Old 10-29-2005, 04:33 PM   #1
Chris Wilson
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Default Question About Lighting

Now that the sun is much lower and there are ALOT more shadows showing around here I have a question...

If I shoot a train and the units are fully lite but there are shadows from say tree's and the telegraph poles, would that be rejected? Obviously if you have a big black line over the cab or something it would be rejected.

Thanks!
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Old 10-29-2005, 05:32 PM   #2
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My guess would be yes.




This was rejected for distracting shadows. I even 'lightened' up the shadow in PS to no avial.
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Old 10-29-2005, 05:36 PM   #3
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I've had so many rejected for shadows, my wife used to warn me on my drive home from work to be careful of "Distracting Shadows." She thought it was hilarious.

Just try to get in a spot where the shadows don't climb up onto the lead unit. Here's an example that was rejected:
http://lahdpop.rrpicturearchives.net...aspx?id=192325

As you can see, the shadows crept up onto the pilot, and all over the trailing unit.
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Old 10-29-2005, 05:54 PM   #4
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Quote:
Originally Posted by Chris Wilson
Now that the sun is much lower and there are ALOT more shadows showing around here I have a question...
I was thinking about this yesterday. The pros to fall/winter (and sometimes spring) up nort' here is: "no high sun" shots. But the shadows and the shorter hours of sunlight quickly took the wind out of my sail.
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Old 10-29-2005, 06:58 PM   #5
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Quote:
The pros to fall/winter (and sometimes spring) up nort' here is: "no high sun" shots. But the shadows and the shorter hours of sunlight quickly took the wind out of my sail.
Come over to North Dakota then: no trees = no shadows
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Old 10-30-2005, 12:49 AM   #6
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Shadows on the engine or shadows in the foreground that take away your attention from the train can both be cause for rejection.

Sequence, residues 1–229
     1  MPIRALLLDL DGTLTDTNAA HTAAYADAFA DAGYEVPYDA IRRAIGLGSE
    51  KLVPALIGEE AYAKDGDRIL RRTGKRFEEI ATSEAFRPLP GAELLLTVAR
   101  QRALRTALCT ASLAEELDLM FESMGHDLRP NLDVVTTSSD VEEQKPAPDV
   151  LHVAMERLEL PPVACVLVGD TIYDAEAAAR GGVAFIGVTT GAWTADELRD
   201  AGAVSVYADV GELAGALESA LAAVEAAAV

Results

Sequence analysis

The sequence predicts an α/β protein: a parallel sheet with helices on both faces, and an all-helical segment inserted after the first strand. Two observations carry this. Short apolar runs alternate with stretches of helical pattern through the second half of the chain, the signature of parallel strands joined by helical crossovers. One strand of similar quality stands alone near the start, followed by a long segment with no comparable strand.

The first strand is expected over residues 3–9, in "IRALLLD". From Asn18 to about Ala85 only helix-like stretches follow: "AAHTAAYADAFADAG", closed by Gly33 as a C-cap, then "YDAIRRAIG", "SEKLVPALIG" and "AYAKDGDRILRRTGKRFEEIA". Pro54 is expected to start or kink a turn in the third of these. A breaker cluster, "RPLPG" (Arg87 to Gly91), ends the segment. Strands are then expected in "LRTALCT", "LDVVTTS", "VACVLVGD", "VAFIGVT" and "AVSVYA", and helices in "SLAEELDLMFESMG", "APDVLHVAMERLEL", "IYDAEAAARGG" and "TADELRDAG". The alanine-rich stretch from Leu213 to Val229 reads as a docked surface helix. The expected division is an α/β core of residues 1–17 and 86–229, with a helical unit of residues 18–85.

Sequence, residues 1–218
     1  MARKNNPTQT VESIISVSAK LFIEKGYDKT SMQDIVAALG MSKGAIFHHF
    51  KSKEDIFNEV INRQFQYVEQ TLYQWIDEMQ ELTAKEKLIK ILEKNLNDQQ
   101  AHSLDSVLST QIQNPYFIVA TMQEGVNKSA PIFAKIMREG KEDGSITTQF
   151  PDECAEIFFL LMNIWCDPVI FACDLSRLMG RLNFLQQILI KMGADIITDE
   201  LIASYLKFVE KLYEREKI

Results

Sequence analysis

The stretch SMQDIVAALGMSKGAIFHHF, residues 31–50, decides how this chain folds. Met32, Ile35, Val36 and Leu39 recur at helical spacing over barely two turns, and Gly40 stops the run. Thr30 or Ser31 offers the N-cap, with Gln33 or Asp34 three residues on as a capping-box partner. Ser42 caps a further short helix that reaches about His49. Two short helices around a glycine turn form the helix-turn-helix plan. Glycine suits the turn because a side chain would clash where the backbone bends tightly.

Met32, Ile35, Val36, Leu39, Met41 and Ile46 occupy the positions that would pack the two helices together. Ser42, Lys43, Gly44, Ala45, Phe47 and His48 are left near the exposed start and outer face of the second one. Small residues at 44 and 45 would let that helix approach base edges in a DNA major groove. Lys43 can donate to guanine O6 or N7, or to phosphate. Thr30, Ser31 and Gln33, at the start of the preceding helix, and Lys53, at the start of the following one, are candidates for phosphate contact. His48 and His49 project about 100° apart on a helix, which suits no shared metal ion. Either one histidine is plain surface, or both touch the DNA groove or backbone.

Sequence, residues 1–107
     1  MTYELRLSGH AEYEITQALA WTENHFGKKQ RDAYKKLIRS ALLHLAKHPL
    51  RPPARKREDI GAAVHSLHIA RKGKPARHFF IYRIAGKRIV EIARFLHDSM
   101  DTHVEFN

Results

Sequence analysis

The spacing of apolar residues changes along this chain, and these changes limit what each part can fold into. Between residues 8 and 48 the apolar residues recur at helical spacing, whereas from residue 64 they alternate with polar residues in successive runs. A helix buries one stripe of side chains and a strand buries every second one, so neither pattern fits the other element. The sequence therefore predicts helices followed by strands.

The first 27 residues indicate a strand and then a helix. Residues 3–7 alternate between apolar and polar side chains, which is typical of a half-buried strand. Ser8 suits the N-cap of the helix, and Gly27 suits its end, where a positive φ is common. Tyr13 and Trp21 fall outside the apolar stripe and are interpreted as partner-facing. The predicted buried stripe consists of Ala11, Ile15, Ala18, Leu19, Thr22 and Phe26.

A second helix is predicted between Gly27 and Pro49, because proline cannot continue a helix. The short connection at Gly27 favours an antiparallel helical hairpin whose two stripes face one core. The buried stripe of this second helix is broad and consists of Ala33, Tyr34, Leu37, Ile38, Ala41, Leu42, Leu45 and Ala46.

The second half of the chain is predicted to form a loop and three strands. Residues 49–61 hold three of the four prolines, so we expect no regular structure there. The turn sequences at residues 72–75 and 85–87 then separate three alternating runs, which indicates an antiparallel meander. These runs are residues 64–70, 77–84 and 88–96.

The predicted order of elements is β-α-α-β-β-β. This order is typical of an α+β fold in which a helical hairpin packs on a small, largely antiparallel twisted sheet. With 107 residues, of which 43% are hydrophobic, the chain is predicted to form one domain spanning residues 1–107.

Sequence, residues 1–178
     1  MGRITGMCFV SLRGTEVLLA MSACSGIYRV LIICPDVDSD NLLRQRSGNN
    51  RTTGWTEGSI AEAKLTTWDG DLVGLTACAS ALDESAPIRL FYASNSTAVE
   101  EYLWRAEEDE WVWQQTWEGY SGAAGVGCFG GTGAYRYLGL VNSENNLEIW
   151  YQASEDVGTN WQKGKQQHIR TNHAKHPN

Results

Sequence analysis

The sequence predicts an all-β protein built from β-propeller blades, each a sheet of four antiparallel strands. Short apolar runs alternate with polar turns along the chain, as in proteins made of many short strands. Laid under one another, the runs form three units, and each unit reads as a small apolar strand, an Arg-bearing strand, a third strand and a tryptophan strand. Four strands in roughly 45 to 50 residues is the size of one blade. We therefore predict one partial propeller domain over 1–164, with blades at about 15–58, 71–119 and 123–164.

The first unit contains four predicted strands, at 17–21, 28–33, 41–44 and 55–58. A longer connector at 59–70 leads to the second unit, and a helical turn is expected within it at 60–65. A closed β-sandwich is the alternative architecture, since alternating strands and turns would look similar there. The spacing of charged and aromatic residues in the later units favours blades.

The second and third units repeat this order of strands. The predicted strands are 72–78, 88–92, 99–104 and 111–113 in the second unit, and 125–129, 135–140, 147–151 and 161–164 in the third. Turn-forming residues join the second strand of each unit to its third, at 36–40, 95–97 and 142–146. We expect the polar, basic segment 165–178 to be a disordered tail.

This one has a distracting shadow. I should have stepped over to the side to get rid of it, but forgot it was there. This is an example where it does not have to be on the locomotive (or train in this case.) Notice how it draws your attention from the train. Had I captured this shadow in a shot of the engines, I would not even give the screeners the chance to reject it, even though they may accept it anyway.

My advice, look ahead of time for shadows.

http://www.rrpicturearchives.net/sho...aspx?id=212779

A second earlier, I took this shot, in which I made sure this shadow was not in the picture.....

http://www.rrpicturearchives.net/sho...aspx?id=212778
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Old 10-30-2005, 02:11 AM   #7
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I believe you mean shots with shadows like this:

Image © Andrew Blaszczyk (2)
PhotoID: 118035
Photograph © Andrew Blaszczyk (2)


I would say not if it is composed carefully including more than just the train; something more interesting in the shot to take focus away fromt he shadows.
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Old 10-30-2005, 12:08 PM   #8
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Quote:
Originally Posted by Andrew Blaszczyk (2)
I believe you mean shots with shadows like this:

Image © Andrew Blaszczyk (2)
PhotoID: 118035
Photograph © Andrew Blaszczyk (2)


I would say not if it is composed carefully including more than just the train; something more interesting in the shot to take focus away fromt he shadows.

Indeed.
Image © Daniel Putz
PhotoID: 120440
Photograph © Daniel Putz
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Old 10-30-2005, 01:06 PM   #9
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I agree with Dan and Andrew. My rule of thumb is if the shot is more nosey and the lead unit is fine and at least a good portion of the second then you are fine. Here are some from yesterday:

Image © Greg Dahbura
PhotoID: 123588
Photograph © Greg Dahbura


Image © Greg Dahbura
PhotoID: 123591
Photograph © Greg Dahbura


Image © Greg Dahbura
PhotoID: 123581
Photograph © Greg Dahbura


I did find a lot better angle near there but I didn't try it as the unique feature (pond in foreground) was shadowed by a mountain.... likewise I tried other things instead.

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